So, in conclusion, maybe loneliness is a part of our experience and perhaps friendship, camaraderie, intimacy, all those things, and loneliness live together in the same experience. The experience of the living.
So, what do we do while we live?
Maybe we should learn and try to love one another, enjoy each other's company, share in the common work, and endure each other's failures. This will not cure our aloneness, so let's not ask that of each other. We must also learn to not be afraid of a very necessary aloneness as in our solitude we may encounter the unexpected joy.
Tuesday, January 29, 2008
I finally did it! After being faithful to the PC since I was introduced to computers, I finally converted to Macintosh today. This decision was largely fueled by my recent battles with viruses and the poor quality of my last PC laptop (Acer). I've only had it for a little over two years and it has crashed on me (last November due to a few strains of viruses despite having Norton anti-virus installed) and its space bar is kaput.
After doing some research online and talking to some friends who've made the conversion, I decided that the higher cost of a MacBook is probably worth it since I don't have to worry much about purchasing anti-virus programs. By the way, have you ever wondered if those anti-virus software guys are the ones who write all these new viruses so that they can stay in business? Hmmm... I wonder!
I'm still trying to get used to my new stylish little MacBook and feeling a little frustrated at times - it's like learning how to ride a bike all over again! - but I'm sure I'll soon enjoy it. As my friend, Sharon, remarked when I told her that I'm considering a conversion, "Welcome to the light-side!"
Sunday, January 27, 2008
However, a few days into the trip, we received a piece of bad news from our apartment's landlord - he's selling the place. This means, we have to look for a place to move into by May. But since May is a busy month for me, I'm thinking that we'll need to move by April. Yikes! That's just about three months away! So much to do and think about!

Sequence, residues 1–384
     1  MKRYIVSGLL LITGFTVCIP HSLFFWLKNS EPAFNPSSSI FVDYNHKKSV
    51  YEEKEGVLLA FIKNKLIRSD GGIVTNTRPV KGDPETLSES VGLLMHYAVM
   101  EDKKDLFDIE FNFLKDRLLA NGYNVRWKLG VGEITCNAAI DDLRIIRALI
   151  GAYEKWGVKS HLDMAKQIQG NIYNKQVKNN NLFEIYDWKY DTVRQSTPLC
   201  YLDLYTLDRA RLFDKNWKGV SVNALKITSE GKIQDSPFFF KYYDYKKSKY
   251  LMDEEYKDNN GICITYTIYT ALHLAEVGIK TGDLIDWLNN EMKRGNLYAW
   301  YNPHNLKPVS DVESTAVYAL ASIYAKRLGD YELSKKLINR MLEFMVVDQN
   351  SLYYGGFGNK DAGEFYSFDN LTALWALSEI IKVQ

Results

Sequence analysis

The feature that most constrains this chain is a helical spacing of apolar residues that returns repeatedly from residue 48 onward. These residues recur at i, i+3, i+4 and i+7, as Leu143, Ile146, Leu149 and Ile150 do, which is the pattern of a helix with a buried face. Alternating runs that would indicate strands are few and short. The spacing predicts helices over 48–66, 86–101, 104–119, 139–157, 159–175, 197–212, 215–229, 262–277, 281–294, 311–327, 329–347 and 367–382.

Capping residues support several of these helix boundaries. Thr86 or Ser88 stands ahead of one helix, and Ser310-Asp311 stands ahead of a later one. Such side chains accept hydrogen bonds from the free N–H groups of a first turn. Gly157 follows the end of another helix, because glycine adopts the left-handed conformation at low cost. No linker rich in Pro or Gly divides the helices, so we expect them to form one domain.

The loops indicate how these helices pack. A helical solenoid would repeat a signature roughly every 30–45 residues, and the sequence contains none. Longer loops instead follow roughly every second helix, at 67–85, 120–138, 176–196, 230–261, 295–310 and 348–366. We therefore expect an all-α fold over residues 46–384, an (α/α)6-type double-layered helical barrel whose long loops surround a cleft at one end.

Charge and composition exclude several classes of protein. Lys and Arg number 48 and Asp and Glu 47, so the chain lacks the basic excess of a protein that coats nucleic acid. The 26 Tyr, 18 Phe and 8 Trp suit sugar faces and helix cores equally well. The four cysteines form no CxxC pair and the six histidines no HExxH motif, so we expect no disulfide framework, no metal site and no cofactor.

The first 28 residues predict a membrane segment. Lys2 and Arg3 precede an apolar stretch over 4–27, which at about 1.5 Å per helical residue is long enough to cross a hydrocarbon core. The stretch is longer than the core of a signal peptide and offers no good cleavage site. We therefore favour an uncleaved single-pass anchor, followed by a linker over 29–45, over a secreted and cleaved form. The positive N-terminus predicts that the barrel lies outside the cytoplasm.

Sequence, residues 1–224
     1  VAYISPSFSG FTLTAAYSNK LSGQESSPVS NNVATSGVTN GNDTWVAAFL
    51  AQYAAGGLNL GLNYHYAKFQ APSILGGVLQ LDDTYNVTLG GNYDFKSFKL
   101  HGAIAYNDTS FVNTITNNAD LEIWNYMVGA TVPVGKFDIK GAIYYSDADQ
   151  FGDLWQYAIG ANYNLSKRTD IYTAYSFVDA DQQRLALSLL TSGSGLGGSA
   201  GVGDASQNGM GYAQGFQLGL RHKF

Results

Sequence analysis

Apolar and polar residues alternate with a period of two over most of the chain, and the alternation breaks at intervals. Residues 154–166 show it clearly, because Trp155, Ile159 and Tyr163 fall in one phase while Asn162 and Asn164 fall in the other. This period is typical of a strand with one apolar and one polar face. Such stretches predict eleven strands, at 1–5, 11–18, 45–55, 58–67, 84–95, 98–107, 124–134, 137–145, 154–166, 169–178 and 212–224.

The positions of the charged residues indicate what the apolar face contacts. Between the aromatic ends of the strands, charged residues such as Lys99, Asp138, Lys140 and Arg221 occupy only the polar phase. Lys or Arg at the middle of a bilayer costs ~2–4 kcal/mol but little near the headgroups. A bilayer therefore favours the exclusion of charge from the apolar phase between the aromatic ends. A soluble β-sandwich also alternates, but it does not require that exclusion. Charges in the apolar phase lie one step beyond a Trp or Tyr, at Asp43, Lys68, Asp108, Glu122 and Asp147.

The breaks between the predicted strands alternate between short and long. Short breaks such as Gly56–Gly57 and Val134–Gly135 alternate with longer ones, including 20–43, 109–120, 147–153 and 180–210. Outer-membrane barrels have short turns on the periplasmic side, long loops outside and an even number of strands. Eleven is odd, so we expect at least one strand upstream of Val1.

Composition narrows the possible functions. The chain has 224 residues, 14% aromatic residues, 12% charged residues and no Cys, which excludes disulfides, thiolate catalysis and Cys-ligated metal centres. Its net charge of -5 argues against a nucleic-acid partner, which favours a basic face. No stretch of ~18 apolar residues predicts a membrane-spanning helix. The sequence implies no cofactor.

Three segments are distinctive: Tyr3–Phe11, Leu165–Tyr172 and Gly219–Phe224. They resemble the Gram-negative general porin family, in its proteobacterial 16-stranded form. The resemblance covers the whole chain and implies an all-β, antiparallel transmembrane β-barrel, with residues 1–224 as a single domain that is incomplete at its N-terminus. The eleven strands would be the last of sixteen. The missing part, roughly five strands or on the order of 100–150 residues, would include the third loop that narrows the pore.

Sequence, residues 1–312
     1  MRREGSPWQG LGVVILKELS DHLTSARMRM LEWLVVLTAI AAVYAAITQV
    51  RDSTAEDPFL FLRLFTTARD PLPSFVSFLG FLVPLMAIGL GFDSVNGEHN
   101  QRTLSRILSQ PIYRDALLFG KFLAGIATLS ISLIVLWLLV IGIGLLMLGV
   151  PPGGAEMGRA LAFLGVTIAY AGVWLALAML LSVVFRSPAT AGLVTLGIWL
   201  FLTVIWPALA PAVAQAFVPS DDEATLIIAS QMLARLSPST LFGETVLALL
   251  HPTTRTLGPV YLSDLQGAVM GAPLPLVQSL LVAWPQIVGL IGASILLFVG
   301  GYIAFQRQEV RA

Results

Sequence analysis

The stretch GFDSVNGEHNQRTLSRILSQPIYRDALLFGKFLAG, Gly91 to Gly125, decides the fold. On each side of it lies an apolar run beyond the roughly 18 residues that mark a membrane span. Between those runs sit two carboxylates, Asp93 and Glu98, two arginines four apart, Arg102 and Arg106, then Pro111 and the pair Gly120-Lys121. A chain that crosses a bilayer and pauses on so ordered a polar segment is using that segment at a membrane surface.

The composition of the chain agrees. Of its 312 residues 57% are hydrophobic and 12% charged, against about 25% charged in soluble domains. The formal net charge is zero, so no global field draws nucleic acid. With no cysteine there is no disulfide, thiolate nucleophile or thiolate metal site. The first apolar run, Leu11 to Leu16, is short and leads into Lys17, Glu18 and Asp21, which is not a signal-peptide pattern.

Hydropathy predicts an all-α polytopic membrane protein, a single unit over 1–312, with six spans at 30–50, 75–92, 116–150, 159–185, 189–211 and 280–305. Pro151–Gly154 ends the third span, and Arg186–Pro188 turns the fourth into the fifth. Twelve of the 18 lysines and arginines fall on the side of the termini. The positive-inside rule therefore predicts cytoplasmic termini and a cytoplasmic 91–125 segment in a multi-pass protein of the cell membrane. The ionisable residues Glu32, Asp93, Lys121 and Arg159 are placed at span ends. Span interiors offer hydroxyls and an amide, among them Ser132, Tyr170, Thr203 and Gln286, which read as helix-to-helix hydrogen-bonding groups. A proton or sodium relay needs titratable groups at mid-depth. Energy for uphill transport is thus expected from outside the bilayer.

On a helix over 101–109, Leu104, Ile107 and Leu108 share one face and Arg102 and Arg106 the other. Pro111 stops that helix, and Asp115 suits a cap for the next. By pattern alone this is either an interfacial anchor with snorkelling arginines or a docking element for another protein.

When we first got the news, both my husband and I sunk into depression. I know a lot of you might ask what the big deal is - well, it's just moving house! Yeah, it really is NOT a big deal but various factors have contributed to the shock of the news:
1) This is the first place that my husband and I have lived since we got married - so, there is a lot of sentimentality built in there. Our first couch, our first blender, our first dryer, our first dvd player, the list of "firsts" goes on!
2) We're paying peanuts for our present place. At the rate real estate prices are going these days in Singapore, it would be a near-miracle for us to rent another place at the same rate. Our existing budget means we have to settle for a much smaller place - possibly one bedroom less that what we have now and at a much desirable and accessible location (since we don't drive, being close to a trainstation or bus stop is essential).
3) Trimming our stuff - we presently have stuff that fill up a 2-story 3-bedroom, 2-storage room apartment. We also have a nice-sized balcony where I've started a little "zen" corner with bamboo plants and all. When we move, we'll have to throw out and give away a lot of what we have now in order to fit into a smaller apartment. Especially my lovely plants! I've poured so much of my affection into them! I won't have a storage-room just for my shoes and bags anymore!!! Argh!!!
However, as I contemplate the circumstance, I realize that it could be a blessing in a very saddening disguise. As where we are right now is not our final stop and we know for a fact that we are required to constantly move on, such a move would help us trim off our "baggages" and remind us (me, especially!) to not accumulate unnecessarily. Acts of trashing old things also remind me that I should never allow stuff to define who I am and how I feel about how my life is going.
So, having the time to think through the process and grieve through the pain of having to say goodbye to our neat little apartment, I think I'm almost ready for a change. In fact, I've gathered up the guts to throw away a bag-full of old shoes that should have been trashed two years ago! Yeah, sometimes, the healing, the good, comes after the surgeon's cut!
Have a good week, ya'll!
Tuesday, January 8, 2008
Women wedded to work - and needing a wife at home
By Shira Boss Monday, August 13, 2007
NEW YORK: Now that women have solidly earned their place in the work force, many find themselves still yearning for something men often have: wives.